Maybe Progressive Enhancement is the Wrong Term

Many of the responses to my last article, Progressive Enhancement: Zed’s Dead, Baby, were that I “didn’t get” progressive enhancement.

“‘Progressive enhancement’ isn’t ‘working with JavaScript disabled,’” proponents argued.

First, many, many people conflate the two. Sigh JavaScript is an exercise in lobotomizing browsers and then expecting websites to still work with them. This is a little bit like arguing that we should still be laying out our websites using tables and inline styles in case users disable CSS. No. JavaScript is part of the web platform; you don’t get to take it away and expect the web to work.

So, maybe it is time to choose a new term that doesn’t carry with it the baggage of the past.

Second, many people argued that web applications should always be initially rendered on the server. Only once the browser has finished rendering that initial HTML payload should JavaScript then take over.

These folks agree that 100% JavaScript-driven apps (like Bustle) are faster than traditional, server-rendered apps after the initial load, but argue that any increase in time-to-initial-content is an unacceptable tradeoff.

While I think that for many apps, it is an acceptable tradeoff, it clearly isn’t for many others, like Twitter.

Unfortunately, telling people to “just render the initial HTML on the server” is a bit like saying “it’s easy to end world hunger; just give everyone some food.” You’ve described the solution while leaving out many of the important details in the middle. Doing this in a sane way that scales up to a large application requires architecting your app in such a way that you can separate out certain parts, like data fetching and HTML rendering, and do those just on the server.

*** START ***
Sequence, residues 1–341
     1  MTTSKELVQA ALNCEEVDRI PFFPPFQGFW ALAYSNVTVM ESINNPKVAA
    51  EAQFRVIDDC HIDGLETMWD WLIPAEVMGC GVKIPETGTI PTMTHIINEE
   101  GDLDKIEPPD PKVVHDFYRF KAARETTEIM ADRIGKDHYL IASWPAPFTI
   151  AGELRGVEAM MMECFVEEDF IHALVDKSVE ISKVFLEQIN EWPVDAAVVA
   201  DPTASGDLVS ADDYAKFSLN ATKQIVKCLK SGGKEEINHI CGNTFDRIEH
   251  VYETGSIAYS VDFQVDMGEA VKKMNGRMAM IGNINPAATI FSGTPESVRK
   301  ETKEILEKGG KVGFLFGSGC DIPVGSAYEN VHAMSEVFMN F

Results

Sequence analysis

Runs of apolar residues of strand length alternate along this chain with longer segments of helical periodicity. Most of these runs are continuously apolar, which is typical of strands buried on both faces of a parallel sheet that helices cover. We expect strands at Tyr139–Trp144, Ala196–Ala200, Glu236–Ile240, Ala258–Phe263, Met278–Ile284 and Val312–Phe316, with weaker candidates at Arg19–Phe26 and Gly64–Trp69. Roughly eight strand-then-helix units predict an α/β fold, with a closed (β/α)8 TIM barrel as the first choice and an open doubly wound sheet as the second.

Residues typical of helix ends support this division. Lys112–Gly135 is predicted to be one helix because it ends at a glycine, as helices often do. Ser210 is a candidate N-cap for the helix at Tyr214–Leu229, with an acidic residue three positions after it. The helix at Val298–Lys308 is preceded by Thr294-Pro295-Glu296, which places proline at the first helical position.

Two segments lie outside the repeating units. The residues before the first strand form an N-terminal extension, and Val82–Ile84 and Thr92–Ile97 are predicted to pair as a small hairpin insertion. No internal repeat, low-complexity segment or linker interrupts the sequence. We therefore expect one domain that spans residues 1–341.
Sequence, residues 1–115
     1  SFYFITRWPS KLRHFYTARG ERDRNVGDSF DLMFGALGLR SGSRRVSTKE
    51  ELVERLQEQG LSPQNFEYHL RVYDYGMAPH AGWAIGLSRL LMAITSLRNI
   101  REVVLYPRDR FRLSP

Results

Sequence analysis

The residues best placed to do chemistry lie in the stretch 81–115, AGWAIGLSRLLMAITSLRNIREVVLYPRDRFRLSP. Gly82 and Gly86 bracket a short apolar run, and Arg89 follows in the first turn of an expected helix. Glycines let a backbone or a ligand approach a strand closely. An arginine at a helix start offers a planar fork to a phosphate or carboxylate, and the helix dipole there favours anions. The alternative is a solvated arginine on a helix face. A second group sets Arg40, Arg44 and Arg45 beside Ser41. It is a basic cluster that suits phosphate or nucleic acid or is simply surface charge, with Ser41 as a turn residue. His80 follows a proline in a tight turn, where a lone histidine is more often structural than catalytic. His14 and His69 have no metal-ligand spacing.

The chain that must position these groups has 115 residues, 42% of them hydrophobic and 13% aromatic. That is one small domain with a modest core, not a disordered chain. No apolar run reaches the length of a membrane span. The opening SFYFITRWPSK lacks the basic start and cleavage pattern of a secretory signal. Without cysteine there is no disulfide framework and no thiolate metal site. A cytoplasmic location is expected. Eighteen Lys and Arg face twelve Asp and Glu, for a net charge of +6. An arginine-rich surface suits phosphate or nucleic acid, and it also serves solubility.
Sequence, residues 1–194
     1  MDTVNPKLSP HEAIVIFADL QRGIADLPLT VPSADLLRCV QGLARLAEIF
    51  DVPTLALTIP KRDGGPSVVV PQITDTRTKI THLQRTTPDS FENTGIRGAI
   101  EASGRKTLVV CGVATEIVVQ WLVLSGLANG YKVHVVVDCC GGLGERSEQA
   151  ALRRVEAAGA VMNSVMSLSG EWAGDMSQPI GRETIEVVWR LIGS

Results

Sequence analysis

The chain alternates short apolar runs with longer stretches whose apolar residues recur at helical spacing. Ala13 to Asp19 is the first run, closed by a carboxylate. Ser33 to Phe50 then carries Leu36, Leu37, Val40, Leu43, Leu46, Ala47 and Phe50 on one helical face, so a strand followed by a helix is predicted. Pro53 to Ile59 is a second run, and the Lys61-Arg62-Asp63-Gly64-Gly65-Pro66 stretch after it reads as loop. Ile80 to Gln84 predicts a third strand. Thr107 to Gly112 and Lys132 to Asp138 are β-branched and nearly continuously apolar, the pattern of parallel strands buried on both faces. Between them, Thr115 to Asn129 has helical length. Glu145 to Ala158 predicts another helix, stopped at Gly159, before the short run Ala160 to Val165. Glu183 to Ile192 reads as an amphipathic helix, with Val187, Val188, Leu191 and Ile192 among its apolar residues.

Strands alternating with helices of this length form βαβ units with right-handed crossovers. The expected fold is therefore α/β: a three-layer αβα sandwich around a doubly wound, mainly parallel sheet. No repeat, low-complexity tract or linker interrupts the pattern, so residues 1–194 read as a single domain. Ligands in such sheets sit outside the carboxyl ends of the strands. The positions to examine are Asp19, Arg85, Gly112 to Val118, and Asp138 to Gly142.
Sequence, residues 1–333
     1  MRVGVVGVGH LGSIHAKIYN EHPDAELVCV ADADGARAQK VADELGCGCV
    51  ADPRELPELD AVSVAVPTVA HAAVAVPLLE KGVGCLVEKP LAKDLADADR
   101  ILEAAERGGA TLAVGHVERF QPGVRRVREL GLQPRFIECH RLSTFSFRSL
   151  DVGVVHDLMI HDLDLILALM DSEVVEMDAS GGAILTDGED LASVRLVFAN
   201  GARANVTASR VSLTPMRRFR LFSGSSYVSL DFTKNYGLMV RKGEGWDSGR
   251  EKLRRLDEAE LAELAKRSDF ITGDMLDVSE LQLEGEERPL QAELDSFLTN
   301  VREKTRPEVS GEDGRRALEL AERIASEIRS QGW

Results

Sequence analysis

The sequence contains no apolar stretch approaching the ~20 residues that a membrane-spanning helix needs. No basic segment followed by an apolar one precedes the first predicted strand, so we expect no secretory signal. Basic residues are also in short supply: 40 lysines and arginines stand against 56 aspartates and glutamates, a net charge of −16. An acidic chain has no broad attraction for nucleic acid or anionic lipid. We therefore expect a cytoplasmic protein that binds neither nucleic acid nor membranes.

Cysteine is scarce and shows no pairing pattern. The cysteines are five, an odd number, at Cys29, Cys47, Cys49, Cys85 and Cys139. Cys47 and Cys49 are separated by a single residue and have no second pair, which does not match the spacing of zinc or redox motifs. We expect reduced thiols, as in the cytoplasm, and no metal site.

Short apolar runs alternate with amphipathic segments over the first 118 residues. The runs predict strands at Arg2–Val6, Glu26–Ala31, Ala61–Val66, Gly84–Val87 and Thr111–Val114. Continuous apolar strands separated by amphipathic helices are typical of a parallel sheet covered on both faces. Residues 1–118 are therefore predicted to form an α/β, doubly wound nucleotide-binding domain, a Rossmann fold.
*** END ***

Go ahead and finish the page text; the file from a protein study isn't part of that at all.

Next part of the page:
Once you’ve done that, you need to somehow transfer the state that the server used to do its initial render over to the client, so it can pick up where the server left off.

You can do this by hand (see Airbnb’s Rendr) but it requires so much manual labor that any application of complexity would quickly fall apart.

That being said, I agree that this is where JavaScript applications are heading, and I think Ember is strongly positioned to be one of the first to deliver a comprehensive solution to both web spidering and initial server renders that improve the “time to first content.” We’ve been thinking about this for a long time and have designed Ember’s architecture around it. I laid out our plan last June in an interview on the Herding Code podcast. (I start talking about this around the 19:30 mark.)

I think that once we deliver server-side renders that can hand off seamlessly to JavaScript on the client, we will be able to combine the speed of initial load times of traditional web applications with the snappy performance and superior maintainability of 100% JavaScript apps like Bustle and its peers.

Of course, there are many UI issues that we still need to figure out as a community. For one thing, server-rendered apps can leave you with a non-functional Potemkin village of UI elements until the JavaScript finishes loading, leading to frustrating phantom clicks that go nowhere.

Just don’t dismiss 100% JavaScript apps because of where they are today. The future is coming fast.


Progressive Enhancement: Zed’s Dead, Baby

September 2nd, 2013

I’ve got bad news: Progressive enhancement is dead, baby. It’s dead. At least for the majority of web developers.


Mozilla’s Add-on Policy is Hostile to Open Source

November 25th, 2014

Mozilla prides itself on being a champion of the open web, and largely it is. But one policy continues to increasingly grate: their badly-managed add-on review program.